My mother calls them chihuahuas. The incidental problems jumping and nipping at your heels. They’re not big enough to take you down, but they can be annoying, and it doesn’t take many to trip you up and force you to fall. She’ll lament—the chihuahuas—at the end of a long day, exhausted. She’ll fix a martini to mute the yapping, and hope maybe, by the next day, they’ll have run after a new target and cleared the lawn so she can clean up the mess and put in whatever safeguards to keep them from coming back.
Mom’s also a detail person. “A virgo,” she tells me, even though I find astrology slightly less reliable than I do closing my eyes and flipping through the Complete Works of Oscar Wilde when I’m looking for answers (I will admit to doing this). But if it matters to you, I’m a picses. I’m also a big picture person. I don’t usually notice the baseboards are dirty, but I can reliably bring myself to tears looking at pictures of outer space or imagining what it must be like to see elephants in the wild. Also, I like chihuahuas. One of my favorite dogs in the world is a chihuahua, a dreamy fluffy black and white creature, who looks like a sled dog for gnomes and behaves like an exceedingly polite social butterfly.
It might be a function of getting older. It might be a function of getting older and becoming more like my mother (on a recent visit to the Wildean oracle, I did get “All women become like their mothers”). It also might be a function of just, like, losing my ability to function after how many months are we again? Seventeen? I don’t remember. I stopped marking days on the wall because it made me feel morbid, and I own just enough Cure records that don’t need any extra excuse to feel morbid.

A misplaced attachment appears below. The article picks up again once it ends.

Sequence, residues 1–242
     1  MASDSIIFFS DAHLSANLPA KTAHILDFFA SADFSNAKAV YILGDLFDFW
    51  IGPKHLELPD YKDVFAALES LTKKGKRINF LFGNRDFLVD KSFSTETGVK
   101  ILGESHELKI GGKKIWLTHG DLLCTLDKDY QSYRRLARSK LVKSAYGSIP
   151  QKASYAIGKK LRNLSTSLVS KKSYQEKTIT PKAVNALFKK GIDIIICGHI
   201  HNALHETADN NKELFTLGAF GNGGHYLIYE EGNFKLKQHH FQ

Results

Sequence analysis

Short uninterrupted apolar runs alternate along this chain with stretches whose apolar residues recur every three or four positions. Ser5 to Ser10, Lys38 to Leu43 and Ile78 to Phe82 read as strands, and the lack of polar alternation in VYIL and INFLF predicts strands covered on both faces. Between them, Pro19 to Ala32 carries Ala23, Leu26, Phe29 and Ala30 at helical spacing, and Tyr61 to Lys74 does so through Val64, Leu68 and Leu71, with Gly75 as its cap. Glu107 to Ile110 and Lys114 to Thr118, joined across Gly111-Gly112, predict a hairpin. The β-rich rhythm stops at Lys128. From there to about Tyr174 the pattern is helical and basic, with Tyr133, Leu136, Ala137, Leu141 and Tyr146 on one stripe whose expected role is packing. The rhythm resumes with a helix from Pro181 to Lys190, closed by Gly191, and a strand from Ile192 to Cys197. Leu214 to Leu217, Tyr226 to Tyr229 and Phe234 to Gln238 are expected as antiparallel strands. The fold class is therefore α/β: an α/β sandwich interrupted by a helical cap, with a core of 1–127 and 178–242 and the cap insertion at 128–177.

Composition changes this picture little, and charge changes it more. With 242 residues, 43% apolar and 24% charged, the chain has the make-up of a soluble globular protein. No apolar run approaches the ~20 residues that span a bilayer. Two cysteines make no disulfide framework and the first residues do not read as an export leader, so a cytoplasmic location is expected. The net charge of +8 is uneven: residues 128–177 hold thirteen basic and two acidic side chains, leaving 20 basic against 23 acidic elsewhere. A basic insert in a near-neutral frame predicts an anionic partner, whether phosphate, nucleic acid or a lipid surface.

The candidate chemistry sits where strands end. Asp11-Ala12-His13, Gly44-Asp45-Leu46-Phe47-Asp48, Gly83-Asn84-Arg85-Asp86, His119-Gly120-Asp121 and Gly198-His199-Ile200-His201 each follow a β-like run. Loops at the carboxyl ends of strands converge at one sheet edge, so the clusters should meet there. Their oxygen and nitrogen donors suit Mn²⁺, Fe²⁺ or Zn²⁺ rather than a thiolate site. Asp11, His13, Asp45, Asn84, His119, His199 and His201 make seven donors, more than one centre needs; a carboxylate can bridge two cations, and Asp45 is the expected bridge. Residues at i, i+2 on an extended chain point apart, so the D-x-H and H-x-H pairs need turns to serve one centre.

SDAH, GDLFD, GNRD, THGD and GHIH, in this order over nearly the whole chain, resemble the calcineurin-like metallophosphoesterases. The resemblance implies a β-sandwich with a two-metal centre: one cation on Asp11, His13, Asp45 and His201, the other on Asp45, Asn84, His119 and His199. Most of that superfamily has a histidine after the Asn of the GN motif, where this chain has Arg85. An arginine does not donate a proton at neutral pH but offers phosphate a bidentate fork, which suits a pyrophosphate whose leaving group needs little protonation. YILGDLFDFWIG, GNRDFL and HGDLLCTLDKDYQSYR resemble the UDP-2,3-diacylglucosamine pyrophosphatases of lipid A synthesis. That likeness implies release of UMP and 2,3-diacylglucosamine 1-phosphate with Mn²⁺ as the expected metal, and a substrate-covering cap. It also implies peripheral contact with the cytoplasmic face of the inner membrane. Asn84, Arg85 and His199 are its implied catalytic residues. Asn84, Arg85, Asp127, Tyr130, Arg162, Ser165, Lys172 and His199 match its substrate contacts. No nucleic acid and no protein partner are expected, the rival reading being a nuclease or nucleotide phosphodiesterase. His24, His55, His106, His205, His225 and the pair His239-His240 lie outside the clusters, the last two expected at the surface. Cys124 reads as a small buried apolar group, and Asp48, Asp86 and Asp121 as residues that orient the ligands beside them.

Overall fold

The creeping dread is back though, along with the worry sirens. I didn’t have enough of a reprieve to even catch my breath before people are talking about the Greek alphabet and how we’re going to have to spend the rest of our everloving lives keeping six feet apart outside, masked, uphill, in the snow, or whatever. Hello darkness my old friend. I’ve come to talk with you agai—oh, yes I did hear about Afghanistan. Thanks.
And the @#$%ing chihuahuas. They’re out in packs. There’s the work stuff. There’s the house stuff. There’s the social stuff. There’s the life stuff. I can’t seem to get anything fixed. Sometimes because it takes forever (my bed, after six weeks out, has held me for two nights). Sometimes because I don’t know even who to call. Sometimes because I’m doing it all wrong. Sometimes because I don’t know what I want to be doing or how I want to be doing it, and I suspect, at the end of the day it doesn’t even matter. My mom wondered why I hadn’t gotten around to fixing the garage door, the front door. Did I ever send back the vaccum she sent me some months ago as a gift?
No. Because I don’t know who to call and I don’t have the money. Because I don’t know what to say is wrong. Because I suspect I’ll inconvenience someone and they won’t fix it and I won’t have the energy or wherewithal to fight with them about it. Because I don’t have the energy and wherewithal to fight with anyone right now. And every now and then, something finally goes a little bit right for a minute, then it breaks worse than it was broken before